If any of our rising stars is aware of the limits of education in certain African countries, it is Delle. “The only meaningful education I had about HIV and AIDS when I was a child was outside of the curriculum, we weren’t really told about it at school. I also remember I wrote a piece of work for an English assignment and I got beaten for using a ‘made-up word’,” says Delle. “The word was serendipity.”
Delle had set his sights on Harvard from a very young age. “I had always been interested in the US and was always reading books about America – anything I could find in my father’s collection. I actually read a lot of philosophy because I preferred Plato to children’s books,” he says. “When I asked my father what Harvard was – something I had come across in my reading – I was told that it was one of the best universities in the world. I was determined to go. At the age of five years I wrote my first letter to the head of the university and, to my father’s surprise, a couple of months later I got a reply from him. Our correspondence continued from then.”
Even with all the hard work Delle put in to realize his goal and study at Harvard, encouragement was scarce. “I remember a meeting I had with a European ambassador to Ghana while I was still in school. I was told that I was foolish to think that an African could get into Harvard.” Luckily, Delle proved the diplomat wrong, went on to complete his degree at Harvard and subsequently set up his own, thriving business.
Martin Ganda, CEO of investment consortium Tamuka Group, found paying for school in his native Zimbabwe a struggle – his father had a modest job in a paper-manufacturing company. Luckily, Ganda was offered a lifeline from Caitlin, an American penpal who would send money she earned from her babysitting job to help pay for his school fees. Ganda’s education in Zimbabwe set him up for a successful education in the US, where he was awarded a scholarship in economics and mathematics at Villanova University in Pennsylvania, and then an MBA at Duke University.
Akyianu, however, is adamant that countries including Ghana, where both she and Delle were schooled, can provide first-class education. Akyianu completed her secondary education at a top girl’s school in Ghana before moving on to the University of Ghana to achieve first-class honours in administration and accounting.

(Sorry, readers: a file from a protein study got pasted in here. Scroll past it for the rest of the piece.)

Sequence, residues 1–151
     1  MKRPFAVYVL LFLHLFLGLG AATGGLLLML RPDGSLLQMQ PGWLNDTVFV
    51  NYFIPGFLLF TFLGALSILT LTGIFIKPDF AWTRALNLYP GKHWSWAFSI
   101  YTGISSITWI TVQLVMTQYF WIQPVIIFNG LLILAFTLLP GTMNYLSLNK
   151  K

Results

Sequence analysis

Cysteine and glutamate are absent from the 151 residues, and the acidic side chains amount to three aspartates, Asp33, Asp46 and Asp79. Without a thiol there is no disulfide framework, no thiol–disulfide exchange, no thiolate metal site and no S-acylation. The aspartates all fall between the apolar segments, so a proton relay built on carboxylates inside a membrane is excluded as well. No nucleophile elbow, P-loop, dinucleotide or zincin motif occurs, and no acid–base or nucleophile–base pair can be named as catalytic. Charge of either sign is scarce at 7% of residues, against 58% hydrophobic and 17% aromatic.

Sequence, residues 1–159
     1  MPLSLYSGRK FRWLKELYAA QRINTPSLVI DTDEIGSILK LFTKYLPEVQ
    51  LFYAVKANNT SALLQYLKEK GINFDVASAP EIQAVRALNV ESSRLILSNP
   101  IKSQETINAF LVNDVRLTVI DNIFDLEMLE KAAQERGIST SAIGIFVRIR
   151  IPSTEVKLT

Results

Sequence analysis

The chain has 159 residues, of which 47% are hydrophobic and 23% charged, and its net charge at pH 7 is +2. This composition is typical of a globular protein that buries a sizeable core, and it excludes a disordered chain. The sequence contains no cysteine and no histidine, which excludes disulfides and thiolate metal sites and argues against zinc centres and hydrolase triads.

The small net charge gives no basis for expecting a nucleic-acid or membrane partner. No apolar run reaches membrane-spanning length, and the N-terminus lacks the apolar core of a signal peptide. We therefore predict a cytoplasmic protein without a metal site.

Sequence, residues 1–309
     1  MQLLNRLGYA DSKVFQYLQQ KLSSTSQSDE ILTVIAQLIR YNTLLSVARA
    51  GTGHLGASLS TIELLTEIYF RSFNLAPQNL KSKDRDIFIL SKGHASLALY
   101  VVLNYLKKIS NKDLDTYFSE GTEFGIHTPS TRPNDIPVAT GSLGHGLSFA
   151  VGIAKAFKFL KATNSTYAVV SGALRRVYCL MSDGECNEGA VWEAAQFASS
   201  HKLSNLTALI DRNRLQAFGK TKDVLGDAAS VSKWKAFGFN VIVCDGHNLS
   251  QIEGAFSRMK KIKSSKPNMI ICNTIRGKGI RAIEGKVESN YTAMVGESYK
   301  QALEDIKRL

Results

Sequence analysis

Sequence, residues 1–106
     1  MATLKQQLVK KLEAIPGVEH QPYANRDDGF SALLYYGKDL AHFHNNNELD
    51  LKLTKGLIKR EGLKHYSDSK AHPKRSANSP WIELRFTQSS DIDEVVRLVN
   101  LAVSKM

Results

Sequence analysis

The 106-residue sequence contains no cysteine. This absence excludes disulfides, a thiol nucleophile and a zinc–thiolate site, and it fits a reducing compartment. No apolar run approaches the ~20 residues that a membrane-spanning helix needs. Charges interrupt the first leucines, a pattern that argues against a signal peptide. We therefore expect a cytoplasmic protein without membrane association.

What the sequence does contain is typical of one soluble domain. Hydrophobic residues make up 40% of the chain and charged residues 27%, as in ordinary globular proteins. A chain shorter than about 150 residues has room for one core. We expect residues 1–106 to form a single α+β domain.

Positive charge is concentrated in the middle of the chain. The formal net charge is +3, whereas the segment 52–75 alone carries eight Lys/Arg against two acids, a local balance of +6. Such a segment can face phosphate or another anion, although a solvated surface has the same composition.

For Akyianu, the problem is with perception and access. “When I travel to places, even when I travel to South Africa, I am always asked if I studied abroad. Some believe that, with my expertise, I couldn’t have been completely schooled in Ghana. But I was and I can hold my own against any others who have studied in Europe or in the US,” she says. “But I do agree that not all Ghanaians will have the same opportunities that I had. I was one of the lucky ones. We cannot hide from the fact that more people could be better educated in Ghana and that literacy levels aren’t as high as they should be. But the human capital deficit is exaggerated. There are plenty of talented individuals on the continent.”
With the diversity of our rising stars, one thing they are keen to point out is that Africa is by no means a homogeneous region. The continent is neither a resounding success story of inclusive economic development nor completely war-torn, riddled with disease and stricken by poverty. “Africa is made up of 54 very different countries all at different stages of development,” explains Akyianu.
“People assume, a lot of the time, that because I hold a senior position at an African bank, I am the authority on Africa. I’m not. I know a lot about Ghana, a country which may or may not share certain characteristics with its neighbours.” Language is one of the easiest examples to prove the point: While western Africa is dominated by French-speaking countries, this is no hard and fast rule. Ghana, for instance, uses English as its official language, which can make communication with its neighbours difficult. Equatorial Guinea lists Spanish and Portuguese as well as French as its official languages.
“The one key mistake you can make about sub-Saharan Africa is to assume anything,” says Pohl. “Africa is made up of credible, bright and sophisticated people that are transforming the economy and transforming lives. It’s just that some of them are still finding their feet.”
Understanding the nuances within the continent and the increasing number of unique opportunities it has to offer makes for a successful career in Africa – qualities that thoroughly characterize all of
Euromoney’s rising stars.